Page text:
Everyone knows rock íní roll was born in the USA, but this BBC 4 TV programme takes a look at some of its early imitators in the UK.
This hour long documentary is the first in a two part series. For those who can receive it, it is currently on BBC iplayer, but will doubtless soon find its way onto YouTube. This is a remarkable programme, meticulously researched it includes rare archive footage, some of which probably hasnít been seen for decades, and interviews with many of those who were there, those who have not gone to that great gig in the sky.
This is a must, even for aficionados like the man from SongFacts. Ever heard of Tony Crombie? Lady organist Cherry Wainer? The Southlanders? How about Vince Taylor? Maybe the latter, Dutch rockers Golden Earring wrote a song about him.
The evergreen Cliff Richard puts in a typically self-effacing appearance; he may not have quite been the British Elvis, but unlike the King, he is still around and performing.
It is difficult to credit today that ďthe avuncularĒ Bill Haley - one time yodelling cowboy - was regarded as controversial or even degenerate, but it was his recording of Rock Around The Clock that started the ball rolling here in Britain. It was his biggest hit, making the number one spot on both sides of the Atlantic.
Six-Five Special, the first British rock íní roll TV programme - as we might understand - gets a mention. Those of a certain vintage might recognise the presenter, who is not named here, it is (now veteran) DJ Pete Murray.
We visit the site of the 2iís coffee bar - the birthplace of British rock íní roll, in Old Compton Street about which Al Stewart would pen a much darker song in the year of the barís demise.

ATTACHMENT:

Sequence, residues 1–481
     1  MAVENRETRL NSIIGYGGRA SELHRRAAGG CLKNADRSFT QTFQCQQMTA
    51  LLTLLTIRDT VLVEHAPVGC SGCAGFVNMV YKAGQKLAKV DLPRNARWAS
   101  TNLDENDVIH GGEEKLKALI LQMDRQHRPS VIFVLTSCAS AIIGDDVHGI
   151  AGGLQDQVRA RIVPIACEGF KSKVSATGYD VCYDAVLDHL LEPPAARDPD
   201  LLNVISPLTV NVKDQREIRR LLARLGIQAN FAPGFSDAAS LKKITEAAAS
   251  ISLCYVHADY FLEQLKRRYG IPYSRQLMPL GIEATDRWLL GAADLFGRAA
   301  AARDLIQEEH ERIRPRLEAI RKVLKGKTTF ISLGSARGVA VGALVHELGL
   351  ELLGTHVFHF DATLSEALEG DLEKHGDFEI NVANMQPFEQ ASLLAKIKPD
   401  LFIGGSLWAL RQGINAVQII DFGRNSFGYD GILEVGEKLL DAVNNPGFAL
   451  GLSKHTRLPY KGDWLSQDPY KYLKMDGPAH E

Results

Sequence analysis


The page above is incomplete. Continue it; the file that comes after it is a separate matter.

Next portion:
There is a great deal more to this programme, including footage of skiffle king Lonnie Donegan, and Joe Brown, who is nearly as old as Cliff Richard, and like him still performing, clips of impressario Larry Parnes, Marty Wild - who is still around, and Billy Fury, who died aged only 42, but how about a lost Paul McCartney song for a find? Well, it isnít quite lost, but McCartney probably wishes it had been. Having said that, he was only 16 years old at the time, and there has been a lot of water under a great many bridges since then. In Spite Of All The Danger - recorded by The Quarrymen - was dug out and re-released in 1995; it is said to be the only song credited to McCartney and George Harrison alone.
There is one big name missing from this programme - Chuck Berry - but apart from that it is a tour de force of an era that although long gone will never die, check it out, and the follow up next Saturday.
The earliest extant recording by future Beatles members Paul McCartney and George Harrison.
[The above article was first published May 19, 2013; the original wasnít archived.]
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